Table of Contents
ISRN Genomics
Volume 2013 (2013), Article ID 980651, 7 pages
Research Article

Gene Expression Analysis of the IPEC-J2 Cell Line: A Simple Model for the Inflammation-Sensitive Preterm Intestine

1Innate Immunology Group, National Veterinary Institute, Technical University of Denmark, Bülowsvej 27, DK-1870 Frederiksberg C, Denmark
2Department of Nutrition, Exercise and Sports, University of Copenhagen, Rolighedsvej 30, DK-1958 Frederiksberg C, Denmark

Received 31 January 2013; Accepted 20 February 2013

Academic Editors: H. Fuchs and P. Wigley

Copyright © 2013 Ann Cathrine F. Støy et al. This is an open access article distributed under the Creative Commons Attribution License, which permits unrestricted use, distribution, and reproduction in any medium, provided the original work is properly cited.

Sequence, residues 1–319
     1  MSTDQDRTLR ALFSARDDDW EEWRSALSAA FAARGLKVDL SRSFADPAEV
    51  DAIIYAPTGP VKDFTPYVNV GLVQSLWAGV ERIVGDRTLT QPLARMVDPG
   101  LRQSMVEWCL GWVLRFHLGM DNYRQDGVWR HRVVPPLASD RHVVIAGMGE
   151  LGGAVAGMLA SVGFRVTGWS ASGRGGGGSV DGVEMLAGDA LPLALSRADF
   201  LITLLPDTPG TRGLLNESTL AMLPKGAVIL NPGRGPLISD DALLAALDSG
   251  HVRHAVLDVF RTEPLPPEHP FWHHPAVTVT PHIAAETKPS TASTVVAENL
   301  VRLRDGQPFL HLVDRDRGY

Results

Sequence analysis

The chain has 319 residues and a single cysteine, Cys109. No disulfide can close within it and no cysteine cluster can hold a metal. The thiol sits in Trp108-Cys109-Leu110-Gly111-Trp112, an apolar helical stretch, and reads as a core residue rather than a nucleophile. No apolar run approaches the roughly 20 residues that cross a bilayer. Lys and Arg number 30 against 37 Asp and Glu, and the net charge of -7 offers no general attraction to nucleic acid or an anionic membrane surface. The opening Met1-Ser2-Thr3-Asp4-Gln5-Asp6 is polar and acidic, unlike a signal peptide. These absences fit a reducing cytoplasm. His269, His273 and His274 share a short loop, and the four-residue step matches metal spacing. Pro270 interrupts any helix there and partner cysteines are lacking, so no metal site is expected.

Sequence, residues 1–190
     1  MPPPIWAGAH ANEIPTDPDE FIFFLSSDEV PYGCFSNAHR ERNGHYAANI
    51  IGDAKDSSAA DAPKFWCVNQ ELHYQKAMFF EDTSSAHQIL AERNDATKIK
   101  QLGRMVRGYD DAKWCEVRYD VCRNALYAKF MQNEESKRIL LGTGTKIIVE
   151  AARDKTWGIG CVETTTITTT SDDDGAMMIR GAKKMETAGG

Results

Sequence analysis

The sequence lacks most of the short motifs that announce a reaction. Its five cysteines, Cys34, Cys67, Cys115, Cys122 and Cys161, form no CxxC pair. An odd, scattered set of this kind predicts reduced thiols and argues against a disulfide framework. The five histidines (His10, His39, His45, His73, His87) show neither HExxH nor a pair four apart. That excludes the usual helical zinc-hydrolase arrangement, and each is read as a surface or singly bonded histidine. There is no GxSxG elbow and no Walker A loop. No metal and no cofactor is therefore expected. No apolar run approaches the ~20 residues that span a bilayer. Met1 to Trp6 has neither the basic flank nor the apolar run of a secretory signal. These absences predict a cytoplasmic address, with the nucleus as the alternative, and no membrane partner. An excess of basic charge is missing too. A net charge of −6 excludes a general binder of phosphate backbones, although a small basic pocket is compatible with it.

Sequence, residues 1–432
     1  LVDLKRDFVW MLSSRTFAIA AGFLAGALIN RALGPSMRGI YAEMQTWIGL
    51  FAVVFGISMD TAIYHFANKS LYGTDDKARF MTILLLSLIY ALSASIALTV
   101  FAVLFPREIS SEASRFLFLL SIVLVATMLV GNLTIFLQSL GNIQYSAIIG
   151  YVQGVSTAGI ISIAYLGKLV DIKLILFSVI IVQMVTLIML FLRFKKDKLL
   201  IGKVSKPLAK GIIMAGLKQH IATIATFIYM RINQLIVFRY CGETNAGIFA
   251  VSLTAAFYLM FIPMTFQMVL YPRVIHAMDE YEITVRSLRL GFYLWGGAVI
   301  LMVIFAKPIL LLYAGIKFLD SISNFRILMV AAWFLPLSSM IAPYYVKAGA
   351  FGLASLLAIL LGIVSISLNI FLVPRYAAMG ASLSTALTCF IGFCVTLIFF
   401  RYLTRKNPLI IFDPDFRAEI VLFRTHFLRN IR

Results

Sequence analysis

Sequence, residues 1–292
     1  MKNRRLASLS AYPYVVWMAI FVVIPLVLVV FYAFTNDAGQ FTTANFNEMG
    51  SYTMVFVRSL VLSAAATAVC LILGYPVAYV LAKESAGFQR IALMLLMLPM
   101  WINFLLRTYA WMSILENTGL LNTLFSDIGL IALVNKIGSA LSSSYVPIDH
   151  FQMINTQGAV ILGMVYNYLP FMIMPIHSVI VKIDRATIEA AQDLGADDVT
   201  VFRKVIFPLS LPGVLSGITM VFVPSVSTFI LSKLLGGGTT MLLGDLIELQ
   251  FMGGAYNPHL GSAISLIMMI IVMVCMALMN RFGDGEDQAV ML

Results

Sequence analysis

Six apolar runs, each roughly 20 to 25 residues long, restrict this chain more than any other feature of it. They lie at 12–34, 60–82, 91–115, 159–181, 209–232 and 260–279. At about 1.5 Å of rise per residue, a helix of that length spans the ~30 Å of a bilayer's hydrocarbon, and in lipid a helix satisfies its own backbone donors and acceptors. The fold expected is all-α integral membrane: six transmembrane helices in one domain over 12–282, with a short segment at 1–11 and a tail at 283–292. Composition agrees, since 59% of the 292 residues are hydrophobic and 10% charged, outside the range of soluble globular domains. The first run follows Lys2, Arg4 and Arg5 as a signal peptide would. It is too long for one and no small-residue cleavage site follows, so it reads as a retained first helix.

The IPEC-J2 cell line was studied as a simple model for investigating responses of the newborn intestinal epithelium to diets. Especially, the small intestine of immature newborns is sensitive to diet-induced inflammation. We investigated gene expression of epithelial- and immune response-related genes in IPEC-J2 cells stimulated for 2 h with milk formula (CELL-FORM), colostrum (CELL-COLOS), or growth medium (CELL-CONTR) and in distal small intestinal tissue samples from preterm pigs fed milk formula (PIG-FORM) or colostrum (PIG-COLOS). High throughput quantitative PCR analysis of 48 genes revealed the expression of 22 genes in IPEC-J2 cells and 31 genes in intestinal samples. Principal component analysis (PCA) discriminated the gene expression profile of IPEC-J2 cells from that of intestinal samples. The expression profile of intestinal tissue was separated by PCA into 2 groups according to diet, whereas no diet-dependent grouping was seen for IPEC-J2 cells. Expression differences between PIG-FORM and PIG-COLOS were found for DEFB1, CXCL10, IL1RN, and ALPI, while IL8 was upregulated in CELL-FORM compared with CELL-CONTR. These differences, between IPEC-J2 cells and intestinal tissue from preterm pigs, both used as models for the newborn intestine, underline that caution must be exercised prior to analysis and interpretation of diet-induced effects on gene expression.